Some of the good folks at MIT have just figured how many bombs it would take for the Israeli Air Force to blow up Iran's entire nuclear weapons infrastructure. Apparently, it isn't so hard after all.
For those keeping score at home, here's what the Israelis would need:
(24) 5,000-pound BLU-113 penetrator warheads to collapse the underground centrifuge halls at Natanz
(2) 2,000-pound bombs to destroy the above ground pilot production plant at Natanz
(12) 2,000-pound BLU-109 penetrator warheads to blow up the underground uranium conversion facility at Esfahan
(10) 2,000-pound GBU-10 laser guided bombs to hit the heavy water production plant and reactor site at Arak
But, according to the MIT report, there is one major catch: the air strike on Natanz could fail if Iran's air defenses succeed in downing only two of the IAF's strike package of 24 F-15Is if each is loaded with a single BLU-113.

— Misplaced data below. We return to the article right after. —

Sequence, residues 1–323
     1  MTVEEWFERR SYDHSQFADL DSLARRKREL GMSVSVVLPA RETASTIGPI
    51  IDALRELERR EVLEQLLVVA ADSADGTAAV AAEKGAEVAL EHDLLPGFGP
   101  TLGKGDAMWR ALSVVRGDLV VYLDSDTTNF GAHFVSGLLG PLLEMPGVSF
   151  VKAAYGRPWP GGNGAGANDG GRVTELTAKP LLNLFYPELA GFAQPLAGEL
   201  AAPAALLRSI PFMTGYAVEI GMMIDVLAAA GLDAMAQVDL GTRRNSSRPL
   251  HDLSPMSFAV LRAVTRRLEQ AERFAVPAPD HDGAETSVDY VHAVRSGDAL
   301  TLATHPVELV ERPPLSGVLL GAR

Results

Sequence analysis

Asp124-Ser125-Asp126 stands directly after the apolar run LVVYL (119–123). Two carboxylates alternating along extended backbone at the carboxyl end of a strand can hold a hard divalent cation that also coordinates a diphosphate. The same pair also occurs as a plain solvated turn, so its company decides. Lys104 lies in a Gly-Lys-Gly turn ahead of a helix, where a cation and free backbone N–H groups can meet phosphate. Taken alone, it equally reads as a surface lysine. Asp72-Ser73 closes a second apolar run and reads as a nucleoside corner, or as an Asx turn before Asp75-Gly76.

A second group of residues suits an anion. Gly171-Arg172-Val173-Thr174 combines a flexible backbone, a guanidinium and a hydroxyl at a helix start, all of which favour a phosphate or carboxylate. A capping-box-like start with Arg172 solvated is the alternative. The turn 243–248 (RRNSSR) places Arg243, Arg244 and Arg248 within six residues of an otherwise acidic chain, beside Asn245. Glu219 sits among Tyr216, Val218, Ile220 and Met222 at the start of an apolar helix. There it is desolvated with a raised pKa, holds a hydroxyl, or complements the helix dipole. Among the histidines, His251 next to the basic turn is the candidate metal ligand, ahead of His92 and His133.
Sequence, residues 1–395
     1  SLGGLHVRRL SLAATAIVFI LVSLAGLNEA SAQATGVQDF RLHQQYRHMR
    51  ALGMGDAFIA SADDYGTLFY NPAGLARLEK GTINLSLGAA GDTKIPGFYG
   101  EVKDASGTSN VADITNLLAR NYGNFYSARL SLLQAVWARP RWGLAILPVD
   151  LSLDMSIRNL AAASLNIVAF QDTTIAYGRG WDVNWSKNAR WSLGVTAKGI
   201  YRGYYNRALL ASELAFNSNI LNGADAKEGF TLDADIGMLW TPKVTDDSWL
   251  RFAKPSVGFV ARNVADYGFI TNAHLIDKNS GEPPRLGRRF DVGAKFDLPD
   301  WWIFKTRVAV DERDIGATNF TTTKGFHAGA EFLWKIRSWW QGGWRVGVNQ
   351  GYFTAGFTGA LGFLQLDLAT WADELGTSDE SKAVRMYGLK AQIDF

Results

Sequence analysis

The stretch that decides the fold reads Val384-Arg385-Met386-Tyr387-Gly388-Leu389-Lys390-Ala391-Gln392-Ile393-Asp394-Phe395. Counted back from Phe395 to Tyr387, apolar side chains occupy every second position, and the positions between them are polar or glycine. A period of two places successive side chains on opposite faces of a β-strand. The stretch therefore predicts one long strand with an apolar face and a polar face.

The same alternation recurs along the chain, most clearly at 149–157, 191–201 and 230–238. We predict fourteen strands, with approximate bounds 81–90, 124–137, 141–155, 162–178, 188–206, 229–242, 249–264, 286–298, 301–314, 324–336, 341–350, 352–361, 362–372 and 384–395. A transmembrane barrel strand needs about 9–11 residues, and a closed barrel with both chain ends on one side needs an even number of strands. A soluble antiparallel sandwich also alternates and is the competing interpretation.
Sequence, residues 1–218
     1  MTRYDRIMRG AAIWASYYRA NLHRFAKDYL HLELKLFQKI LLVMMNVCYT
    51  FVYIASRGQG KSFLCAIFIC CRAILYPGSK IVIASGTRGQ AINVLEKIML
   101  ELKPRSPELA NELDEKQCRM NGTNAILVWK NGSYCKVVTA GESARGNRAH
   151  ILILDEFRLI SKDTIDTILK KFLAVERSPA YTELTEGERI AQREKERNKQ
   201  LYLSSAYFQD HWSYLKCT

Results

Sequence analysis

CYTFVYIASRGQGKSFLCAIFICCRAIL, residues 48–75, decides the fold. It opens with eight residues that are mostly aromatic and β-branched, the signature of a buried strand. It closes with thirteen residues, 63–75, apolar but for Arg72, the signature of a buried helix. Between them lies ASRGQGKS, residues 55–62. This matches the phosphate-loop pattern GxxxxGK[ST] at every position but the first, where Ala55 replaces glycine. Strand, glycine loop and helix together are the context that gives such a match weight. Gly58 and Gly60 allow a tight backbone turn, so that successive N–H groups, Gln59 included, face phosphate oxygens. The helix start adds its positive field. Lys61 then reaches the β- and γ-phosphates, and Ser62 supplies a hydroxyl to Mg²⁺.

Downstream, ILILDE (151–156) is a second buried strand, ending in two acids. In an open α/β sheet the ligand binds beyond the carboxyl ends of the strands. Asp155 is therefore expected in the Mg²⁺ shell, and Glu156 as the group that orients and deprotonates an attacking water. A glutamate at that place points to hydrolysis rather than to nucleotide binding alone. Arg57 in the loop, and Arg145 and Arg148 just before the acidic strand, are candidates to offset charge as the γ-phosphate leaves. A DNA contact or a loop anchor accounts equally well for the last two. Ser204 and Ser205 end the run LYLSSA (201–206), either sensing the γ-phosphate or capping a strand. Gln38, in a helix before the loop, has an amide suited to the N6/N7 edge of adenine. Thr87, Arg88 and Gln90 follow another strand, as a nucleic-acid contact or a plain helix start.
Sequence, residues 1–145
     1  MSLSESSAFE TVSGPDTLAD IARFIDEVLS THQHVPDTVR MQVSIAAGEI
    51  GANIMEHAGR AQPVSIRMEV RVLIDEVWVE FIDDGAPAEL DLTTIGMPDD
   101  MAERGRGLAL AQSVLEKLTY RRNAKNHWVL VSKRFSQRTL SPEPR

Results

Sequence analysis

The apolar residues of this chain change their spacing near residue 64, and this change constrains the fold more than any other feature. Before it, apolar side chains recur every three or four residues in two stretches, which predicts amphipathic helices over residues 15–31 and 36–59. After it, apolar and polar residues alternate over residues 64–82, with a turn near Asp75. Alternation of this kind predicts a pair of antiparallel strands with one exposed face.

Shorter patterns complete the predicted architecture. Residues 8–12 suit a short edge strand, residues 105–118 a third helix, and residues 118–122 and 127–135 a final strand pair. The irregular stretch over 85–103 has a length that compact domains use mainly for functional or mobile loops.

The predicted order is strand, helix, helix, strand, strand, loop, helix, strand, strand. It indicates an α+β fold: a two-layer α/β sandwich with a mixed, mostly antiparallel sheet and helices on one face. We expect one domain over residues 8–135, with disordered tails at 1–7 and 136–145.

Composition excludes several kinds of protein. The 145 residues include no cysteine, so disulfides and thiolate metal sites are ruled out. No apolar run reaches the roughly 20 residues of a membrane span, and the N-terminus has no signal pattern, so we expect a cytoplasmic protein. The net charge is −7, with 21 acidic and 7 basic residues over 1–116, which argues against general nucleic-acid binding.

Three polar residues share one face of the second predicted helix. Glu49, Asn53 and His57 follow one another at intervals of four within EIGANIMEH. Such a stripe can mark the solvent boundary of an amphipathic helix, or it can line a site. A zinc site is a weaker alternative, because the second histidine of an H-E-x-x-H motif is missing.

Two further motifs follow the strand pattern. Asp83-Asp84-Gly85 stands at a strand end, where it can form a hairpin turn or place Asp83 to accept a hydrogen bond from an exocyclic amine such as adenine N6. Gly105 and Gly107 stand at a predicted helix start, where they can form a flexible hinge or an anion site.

MIT concludes, however:
"The foregoing assessment is far from definitive in its evaluation of Israeli military potential. However it does seem to indicate that the IAF, after years of modernization, now possesses the capability to destroy even well-hardened targets in Iran with some degree of confidence. The operation appears to be no more risky than the earlier attack on Osirak and provides at least as much benefit in terms of delaying Iranian development of nuclear weapons."
(You can read the entire study here)